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Messages - Hazard Time

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1
Support & Help / Re: Building a new PC
« on: June 16, 2015, 08:36:55 PM »
I forgot where you live, but if you have a Microcenter near you definitely go there. They have prices that are equal if not lower than Amazon, and have everything you can imagine.

Also, what Adam suggested is good and future proof(Especially if you go with the 970. I'm going to be selling mine that's a few months old if you want to talk). 8gb RAM is definitely enough, but with how cheap it is and if you have the money you may as well go for the 16gb.

Never heard of that, so probably not.  I live in western Oregon, FYI.

Also, I'm not going to go cheap, but with as high as I'm having to push my budget (if it even still exists even more), I'm not sure if it's worth the added expense. 

2
Support & Help / Re: Building a new PC
« on: June 16, 2015, 05:43:30 PM »
Go for Intel chips. AMD are still a ways behind. And don't cheap yourself out. If you have the money to spend on a good rig, spend it. Last thing you wanna do is regret not spending more and knowing you could have done better.

I've tended to stay away from AMD in general, for better or worse.  Intel has certainly served me well and Nvidia is...I guess it's good?

3
Support & Help / Re: Building a new PC
« on: June 16, 2015, 03:54:33 PM »
just build it yourself. its way easier then you're probably imagining trust me, took me about an hour to do my first time and I was like 13

I probably am just over thinking it.  Either way, I currently have about 200 or 300 in my fund, and I should have all the money I need by the end of July.  It would also probably help if I just went out to Fry's and bought all of those retail.  Would definitely save on the S&H.

4
Support & Help / Re: Building a new PC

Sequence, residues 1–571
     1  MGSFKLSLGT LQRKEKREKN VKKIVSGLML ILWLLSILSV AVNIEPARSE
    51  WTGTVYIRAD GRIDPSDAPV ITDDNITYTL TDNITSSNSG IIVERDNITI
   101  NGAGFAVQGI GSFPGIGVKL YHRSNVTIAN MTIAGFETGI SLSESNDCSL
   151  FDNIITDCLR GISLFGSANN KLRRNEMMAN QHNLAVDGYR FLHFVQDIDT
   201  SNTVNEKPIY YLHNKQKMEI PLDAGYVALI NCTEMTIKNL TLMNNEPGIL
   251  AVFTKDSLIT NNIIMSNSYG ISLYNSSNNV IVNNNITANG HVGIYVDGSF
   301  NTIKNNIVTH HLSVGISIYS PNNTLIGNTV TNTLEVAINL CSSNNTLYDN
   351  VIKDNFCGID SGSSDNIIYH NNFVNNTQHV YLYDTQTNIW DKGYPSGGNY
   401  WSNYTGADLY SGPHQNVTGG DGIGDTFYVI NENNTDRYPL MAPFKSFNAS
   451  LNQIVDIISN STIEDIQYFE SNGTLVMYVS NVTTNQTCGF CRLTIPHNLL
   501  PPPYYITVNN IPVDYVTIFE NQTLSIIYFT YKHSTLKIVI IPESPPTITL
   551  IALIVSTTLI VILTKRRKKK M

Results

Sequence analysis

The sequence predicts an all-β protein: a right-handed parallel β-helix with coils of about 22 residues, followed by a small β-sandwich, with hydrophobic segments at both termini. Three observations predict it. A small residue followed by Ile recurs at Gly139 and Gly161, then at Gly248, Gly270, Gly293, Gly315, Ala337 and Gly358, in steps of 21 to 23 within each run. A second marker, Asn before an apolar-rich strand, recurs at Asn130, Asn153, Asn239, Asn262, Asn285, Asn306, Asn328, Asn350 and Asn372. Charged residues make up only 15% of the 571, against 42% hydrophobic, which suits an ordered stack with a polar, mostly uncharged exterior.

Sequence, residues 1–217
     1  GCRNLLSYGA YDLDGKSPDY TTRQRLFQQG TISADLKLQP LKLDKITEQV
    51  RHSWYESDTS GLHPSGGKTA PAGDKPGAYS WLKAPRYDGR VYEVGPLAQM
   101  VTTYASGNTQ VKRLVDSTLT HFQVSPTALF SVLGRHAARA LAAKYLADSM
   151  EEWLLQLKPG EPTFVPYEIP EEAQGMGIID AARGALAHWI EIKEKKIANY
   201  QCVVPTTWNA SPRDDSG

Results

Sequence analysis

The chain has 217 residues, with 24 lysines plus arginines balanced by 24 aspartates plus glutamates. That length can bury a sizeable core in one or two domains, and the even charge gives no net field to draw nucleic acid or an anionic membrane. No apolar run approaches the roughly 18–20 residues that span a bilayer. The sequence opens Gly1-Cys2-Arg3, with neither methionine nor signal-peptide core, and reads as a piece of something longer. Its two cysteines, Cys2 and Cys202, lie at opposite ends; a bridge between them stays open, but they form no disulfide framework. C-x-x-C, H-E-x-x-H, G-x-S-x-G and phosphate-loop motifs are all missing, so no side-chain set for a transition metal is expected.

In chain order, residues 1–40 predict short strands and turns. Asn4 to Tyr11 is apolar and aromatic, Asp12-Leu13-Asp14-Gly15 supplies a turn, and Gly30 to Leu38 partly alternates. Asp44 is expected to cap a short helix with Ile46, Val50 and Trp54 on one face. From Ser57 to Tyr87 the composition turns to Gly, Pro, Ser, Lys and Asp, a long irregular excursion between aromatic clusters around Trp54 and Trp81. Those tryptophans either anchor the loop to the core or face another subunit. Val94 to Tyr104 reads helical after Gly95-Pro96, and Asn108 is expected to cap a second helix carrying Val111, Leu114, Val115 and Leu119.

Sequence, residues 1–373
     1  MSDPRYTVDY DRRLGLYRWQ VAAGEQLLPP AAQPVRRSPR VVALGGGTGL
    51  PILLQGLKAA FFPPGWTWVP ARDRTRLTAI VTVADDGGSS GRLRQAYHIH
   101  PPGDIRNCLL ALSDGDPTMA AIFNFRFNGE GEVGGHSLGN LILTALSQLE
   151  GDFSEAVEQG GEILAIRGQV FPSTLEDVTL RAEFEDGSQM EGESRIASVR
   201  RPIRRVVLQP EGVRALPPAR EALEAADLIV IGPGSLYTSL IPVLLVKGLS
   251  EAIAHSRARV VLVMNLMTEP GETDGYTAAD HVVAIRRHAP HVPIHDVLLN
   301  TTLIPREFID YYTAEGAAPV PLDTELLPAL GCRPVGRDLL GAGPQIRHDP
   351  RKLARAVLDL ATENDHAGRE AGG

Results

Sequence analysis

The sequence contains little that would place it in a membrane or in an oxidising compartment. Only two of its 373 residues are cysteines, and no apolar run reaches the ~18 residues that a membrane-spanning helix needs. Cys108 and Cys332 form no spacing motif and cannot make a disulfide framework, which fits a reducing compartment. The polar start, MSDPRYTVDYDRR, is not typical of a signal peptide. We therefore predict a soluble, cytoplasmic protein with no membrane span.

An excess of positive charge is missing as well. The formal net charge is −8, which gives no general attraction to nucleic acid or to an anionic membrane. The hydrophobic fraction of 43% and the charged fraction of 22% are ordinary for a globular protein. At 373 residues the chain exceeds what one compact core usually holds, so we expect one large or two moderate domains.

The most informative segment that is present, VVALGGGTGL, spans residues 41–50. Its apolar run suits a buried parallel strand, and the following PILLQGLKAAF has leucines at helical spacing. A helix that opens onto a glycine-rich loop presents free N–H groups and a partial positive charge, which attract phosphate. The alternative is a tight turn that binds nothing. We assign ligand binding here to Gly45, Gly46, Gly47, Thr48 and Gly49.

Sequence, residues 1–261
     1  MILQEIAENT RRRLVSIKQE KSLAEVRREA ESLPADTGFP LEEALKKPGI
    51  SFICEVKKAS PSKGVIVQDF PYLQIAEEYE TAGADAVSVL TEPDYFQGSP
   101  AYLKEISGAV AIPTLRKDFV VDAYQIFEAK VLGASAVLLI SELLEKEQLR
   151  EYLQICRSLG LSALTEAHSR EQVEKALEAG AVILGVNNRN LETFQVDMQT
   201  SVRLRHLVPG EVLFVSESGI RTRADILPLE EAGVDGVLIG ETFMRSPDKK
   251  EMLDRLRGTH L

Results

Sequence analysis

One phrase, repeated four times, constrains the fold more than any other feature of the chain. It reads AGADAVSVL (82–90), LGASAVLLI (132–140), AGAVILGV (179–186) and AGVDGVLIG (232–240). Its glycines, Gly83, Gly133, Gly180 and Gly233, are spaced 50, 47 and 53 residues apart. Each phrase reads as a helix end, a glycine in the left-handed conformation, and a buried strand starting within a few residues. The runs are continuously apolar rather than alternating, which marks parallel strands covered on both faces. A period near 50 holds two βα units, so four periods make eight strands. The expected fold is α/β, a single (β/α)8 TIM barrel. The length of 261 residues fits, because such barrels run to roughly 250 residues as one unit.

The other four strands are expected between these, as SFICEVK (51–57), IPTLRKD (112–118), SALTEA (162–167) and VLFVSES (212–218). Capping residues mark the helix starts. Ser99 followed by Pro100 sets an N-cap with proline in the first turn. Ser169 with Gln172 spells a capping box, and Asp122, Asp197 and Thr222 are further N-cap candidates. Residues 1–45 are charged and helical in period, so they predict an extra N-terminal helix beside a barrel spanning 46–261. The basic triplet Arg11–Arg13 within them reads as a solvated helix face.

« on: June 16, 2015, 03:32:09 PM »
Right now i would lean at this:
http://pcpartpicker.com/p/jvt9ZL

However if you are willing to save up until lets say end of July (When Windows 10 is out) we can use it and probably upgrade to a 970, 16GB of ram.  You would have a pretty solid machine then.  I went with a White/Black Design i thought it would look cooler.  Also for the case one bay of drives would need removed for the video card (More than likely). 

Oh yes and if you hate White/Black i can look at Red/Black or some random colors.

I can certainly wait.  Another question I had was how much can I expect to pay for labor?  I'd rather not begin to think I could competently assemble the box, so I'd probably pay some guys at Fry's or Best Buy to do it.

5
Support & Help / Re: Building a new PC
« on: June 16, 2015, 03:13:12 PM »
I would highly suggest saving up abit more cash.  I have a build id suggest but its at the 1k mark due to having to add a monitor (And OS).  The build is mostly future proof for a good while.

Can do.  This job I've got at the local country club pays pretty damn well, both due to Oregon's high as fuck minimum wage plus 15% gratuities.

In the mean time, what was the build you were going to suggest?

6
Support & Help / Re: Building a new PC
« on: June 16, 2015, 02:43:53 PM »
Quick Questions:
Keeping old OS or not (Can clone to a new drive if you want).
Monitor, keyboard, mouse do you have any?

1.  Probably not, I'll probably purchase a new copy of Windows.  Which one would you suggest?  The one on my laptop is Windows 7.

2.  I have a wireless mouse, but that's the extent of my external hardware I currently have on hand.

7
Support & Help / Building a new PC
« on: June 16, 2015, 02:38:03 PM »
So, I've decided to build a new PC over the summer to replace my laptop.  I know jack about what makes hardware "good", so I would like to ask your help in finding the components I will need to build a gaming computer.  I've currently set a tentative budget at $750, but this may change if necessary.
 
Any techies able to help?

8
Support & Help / Technical Issues
« on: June 11, 2015, 10:39:49 PM »
So, I've been running into issues whilst trying to reinstall Mount and Blade: Warband.  It gets ~80% of the way installed, and then just stops.  When I tell it to continue via the downloads page, it keeps going for a few kilobytes before stopping again.  When I restart it, it starts back where it was originally.  If I try and continue it by pressing play in the library page, it does the same thing, except this time, it includes a message saying there was a disk write error.  Screenshots of import are below.  The first one is when initiating the install, the window that appears after the one that displays disk space is completely blank.  The second screenshot is when trying to reinitiate the download when it gets bogged down.